New Roadtrek CS stolen from Florida

A brand new Roadtrek CS-Adventurous has been stolen from outside a Hampton Inn in Lakeland, FL, located just off the I-4 highway.

stolenrtThe owner just took possession of it and he has lost everything short of the clothes on his back at this point.

It is a Silver CS-Adventurous with a tan interior.  It is on a 2013 Mercedes Benz 3500 series chassis, VIN WDABF4CC9D5800084, with an Ontario license plate number BSYP 068.

The theft happened sometime overnight and was discovered a little before 5 AM January 28, 2014.

10 thoughts on “New Roadtrek CS stolen from Florida”

  1. I have a Sprinter. How did they get it? It thought the only way they could get it would be to steal the key. Is there something Sprinter owners need to do besides securing their keys?

    1. other than armor-plating the doors so they can’t force your door locks and getting bulletproof glass for all the windows, there’s not much you can really do against these highly motivated thieves. the usual M.O. for these thieves is to bring an engine control unit (ECU) and security key immobilizer unit (SKREEM), break into the vehicle, swap the vehicle’s ECU and SKREEM for theirs, and drive away. it’s a 5 minute job. the motivation is the parts – they can sell the engine, transmission, catalytic converter, even the air bag, for nosebleed prices.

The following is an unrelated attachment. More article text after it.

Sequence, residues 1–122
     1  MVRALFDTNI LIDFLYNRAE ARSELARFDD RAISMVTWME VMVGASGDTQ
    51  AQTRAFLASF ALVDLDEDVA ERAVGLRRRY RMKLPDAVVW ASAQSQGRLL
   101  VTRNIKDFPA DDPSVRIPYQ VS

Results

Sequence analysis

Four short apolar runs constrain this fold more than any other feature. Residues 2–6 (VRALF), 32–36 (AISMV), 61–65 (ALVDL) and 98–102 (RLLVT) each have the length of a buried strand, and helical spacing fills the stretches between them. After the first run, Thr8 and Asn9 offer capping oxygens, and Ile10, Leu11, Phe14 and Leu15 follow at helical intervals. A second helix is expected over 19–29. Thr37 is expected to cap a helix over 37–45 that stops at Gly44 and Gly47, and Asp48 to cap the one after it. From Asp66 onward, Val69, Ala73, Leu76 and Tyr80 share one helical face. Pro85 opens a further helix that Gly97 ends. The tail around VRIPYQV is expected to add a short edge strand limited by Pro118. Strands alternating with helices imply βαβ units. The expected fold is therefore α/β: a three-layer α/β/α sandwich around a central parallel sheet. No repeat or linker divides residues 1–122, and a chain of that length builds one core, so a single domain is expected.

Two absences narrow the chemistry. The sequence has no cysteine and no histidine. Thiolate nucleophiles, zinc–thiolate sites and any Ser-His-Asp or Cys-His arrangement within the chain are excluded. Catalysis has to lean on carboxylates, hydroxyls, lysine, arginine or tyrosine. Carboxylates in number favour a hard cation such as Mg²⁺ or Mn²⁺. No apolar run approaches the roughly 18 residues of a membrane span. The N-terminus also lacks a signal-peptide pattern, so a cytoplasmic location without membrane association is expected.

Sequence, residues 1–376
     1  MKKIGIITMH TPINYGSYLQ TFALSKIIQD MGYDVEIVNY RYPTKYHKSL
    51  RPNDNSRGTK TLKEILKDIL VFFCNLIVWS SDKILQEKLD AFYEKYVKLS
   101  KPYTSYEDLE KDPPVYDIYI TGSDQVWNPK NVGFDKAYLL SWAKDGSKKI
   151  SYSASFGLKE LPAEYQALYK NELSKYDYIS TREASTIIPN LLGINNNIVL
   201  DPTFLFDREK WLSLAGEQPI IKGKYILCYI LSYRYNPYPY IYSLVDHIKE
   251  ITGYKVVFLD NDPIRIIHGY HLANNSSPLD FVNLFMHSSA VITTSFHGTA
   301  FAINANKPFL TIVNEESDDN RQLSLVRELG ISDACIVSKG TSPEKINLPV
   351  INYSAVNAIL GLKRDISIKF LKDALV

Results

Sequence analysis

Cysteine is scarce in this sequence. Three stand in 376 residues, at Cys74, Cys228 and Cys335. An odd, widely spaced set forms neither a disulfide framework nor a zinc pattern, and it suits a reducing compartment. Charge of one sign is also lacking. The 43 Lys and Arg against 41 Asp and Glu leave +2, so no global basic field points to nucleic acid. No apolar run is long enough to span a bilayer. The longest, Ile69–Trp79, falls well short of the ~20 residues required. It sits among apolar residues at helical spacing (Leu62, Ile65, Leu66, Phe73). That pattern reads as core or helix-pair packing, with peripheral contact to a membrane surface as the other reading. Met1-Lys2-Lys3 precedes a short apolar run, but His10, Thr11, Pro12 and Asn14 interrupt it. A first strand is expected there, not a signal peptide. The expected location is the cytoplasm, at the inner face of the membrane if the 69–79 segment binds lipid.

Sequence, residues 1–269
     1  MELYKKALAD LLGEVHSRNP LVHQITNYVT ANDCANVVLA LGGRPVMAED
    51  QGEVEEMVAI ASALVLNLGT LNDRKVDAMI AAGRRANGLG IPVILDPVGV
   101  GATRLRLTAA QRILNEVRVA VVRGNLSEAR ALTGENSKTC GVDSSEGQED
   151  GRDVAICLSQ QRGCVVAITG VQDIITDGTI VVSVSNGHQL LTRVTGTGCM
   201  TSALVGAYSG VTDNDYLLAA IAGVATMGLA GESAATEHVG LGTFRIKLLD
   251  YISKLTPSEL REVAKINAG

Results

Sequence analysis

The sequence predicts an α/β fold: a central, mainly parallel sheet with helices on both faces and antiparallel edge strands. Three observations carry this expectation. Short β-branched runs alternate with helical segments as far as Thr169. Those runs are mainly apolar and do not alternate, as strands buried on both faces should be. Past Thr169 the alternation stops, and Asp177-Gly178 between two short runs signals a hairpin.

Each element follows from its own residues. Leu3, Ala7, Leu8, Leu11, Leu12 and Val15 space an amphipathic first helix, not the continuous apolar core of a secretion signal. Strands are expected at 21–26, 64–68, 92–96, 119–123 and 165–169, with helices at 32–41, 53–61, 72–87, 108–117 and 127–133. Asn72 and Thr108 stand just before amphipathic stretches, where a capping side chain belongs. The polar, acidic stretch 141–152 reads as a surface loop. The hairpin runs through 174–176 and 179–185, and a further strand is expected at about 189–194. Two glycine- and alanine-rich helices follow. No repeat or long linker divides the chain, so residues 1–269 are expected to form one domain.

1. Has the owner sent a copy of the police report to eBay and Craigslist? Those two sites are the places that it’s most likely to show up, either whole or in parts.

  2. if i had a sprinter, i would put a kill switch in it somewhere. there’s an electric fuel pump that feeds the high-pressure mechanical pump on the motor. some hidden wiring and a switch that only you know about, and nobody’s driving that thing anywhere.

  3. When one of our family’s antique cars was stolen and reported within an hour of it being missing, the local law enforcement said it was probably in a truck in pieces and across the border…..never did find it.

  4. This vehicle was probably disassembled, frame carefully cut, crated up, and loaded into a shipping container for the islands. The port of Miami is the conduit for southbound stolen goods.

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